Six Prayers Over Fifteen Years
Doug Ramspeck

Six Prayers Over Fifteen Years

I learned to pray with the small of my back
and the backs of my thighs and calves

as I lifted snow or dirt as a child.
And the prayers were as seasonal as God,

who existed as the grubs or worms
hidden in the clay. There is the Christian idea

of suffering, and sometimes the shovel
severed a pink body or the snow in winter formed

such unmerciful mounds of white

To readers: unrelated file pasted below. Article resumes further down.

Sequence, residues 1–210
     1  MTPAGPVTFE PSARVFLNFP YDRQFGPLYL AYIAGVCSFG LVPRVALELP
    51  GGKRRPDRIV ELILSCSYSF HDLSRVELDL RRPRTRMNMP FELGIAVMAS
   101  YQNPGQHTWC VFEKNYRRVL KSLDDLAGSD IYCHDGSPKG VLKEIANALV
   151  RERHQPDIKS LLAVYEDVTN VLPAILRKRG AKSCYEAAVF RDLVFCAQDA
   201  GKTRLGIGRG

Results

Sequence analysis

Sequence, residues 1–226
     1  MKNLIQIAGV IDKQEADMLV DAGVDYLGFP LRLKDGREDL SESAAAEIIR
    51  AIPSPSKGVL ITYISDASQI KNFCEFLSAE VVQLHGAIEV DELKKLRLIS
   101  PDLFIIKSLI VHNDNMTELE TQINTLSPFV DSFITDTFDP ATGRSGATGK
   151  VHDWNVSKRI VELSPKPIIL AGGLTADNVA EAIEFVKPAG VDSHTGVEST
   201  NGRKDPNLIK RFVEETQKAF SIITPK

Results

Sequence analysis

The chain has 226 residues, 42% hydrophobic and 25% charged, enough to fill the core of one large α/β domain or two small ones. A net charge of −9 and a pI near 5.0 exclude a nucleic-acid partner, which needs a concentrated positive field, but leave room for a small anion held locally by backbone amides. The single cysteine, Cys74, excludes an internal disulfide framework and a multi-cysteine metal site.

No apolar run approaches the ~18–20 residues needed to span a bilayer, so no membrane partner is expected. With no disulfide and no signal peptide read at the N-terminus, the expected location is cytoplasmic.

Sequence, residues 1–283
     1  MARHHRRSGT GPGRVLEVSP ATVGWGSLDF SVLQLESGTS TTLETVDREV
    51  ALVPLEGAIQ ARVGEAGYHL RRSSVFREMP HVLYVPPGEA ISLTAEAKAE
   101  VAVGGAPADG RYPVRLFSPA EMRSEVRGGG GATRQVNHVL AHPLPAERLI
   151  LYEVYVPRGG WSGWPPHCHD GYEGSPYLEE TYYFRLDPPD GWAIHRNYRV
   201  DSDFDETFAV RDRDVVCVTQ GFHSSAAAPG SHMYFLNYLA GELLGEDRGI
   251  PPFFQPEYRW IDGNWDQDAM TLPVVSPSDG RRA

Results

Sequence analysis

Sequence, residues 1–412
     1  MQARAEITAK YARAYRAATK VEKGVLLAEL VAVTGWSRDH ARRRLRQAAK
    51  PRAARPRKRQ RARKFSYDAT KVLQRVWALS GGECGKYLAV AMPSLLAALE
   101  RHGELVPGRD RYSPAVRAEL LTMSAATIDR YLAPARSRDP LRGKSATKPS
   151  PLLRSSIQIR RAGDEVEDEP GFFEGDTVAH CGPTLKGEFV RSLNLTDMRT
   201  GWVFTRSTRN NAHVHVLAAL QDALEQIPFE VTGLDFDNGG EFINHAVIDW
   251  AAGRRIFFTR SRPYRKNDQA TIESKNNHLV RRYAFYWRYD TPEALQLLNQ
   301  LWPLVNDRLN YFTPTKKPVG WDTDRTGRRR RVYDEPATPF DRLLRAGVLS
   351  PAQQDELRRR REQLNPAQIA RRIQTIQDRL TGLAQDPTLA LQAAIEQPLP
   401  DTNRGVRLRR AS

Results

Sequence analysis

that they were holy and woeful and rueful

and singing in the bright glare of day.
I learned to curse by searching for hornworms

in my mother’s tomato plants, and I learned
to love by throwing those worms

into the pond and watching the bass
and the bluegills launch the silver of their bodies

to the surface. And at night the hospice stars
above my father’s house were almost a blessing.

Doug Ramspeck

is the author of six poetry collections and one collection of short stories. His most recent book, Black Flowers, is forthcoming from LSU Press. His poems have appeared in journals that include The Kenyon Review, The Southern Review, Slate, and The Georgia Review. His short story collection, The Owl That Carries Us Away, is published by BkMk Press (University of Missouri-Kansas City).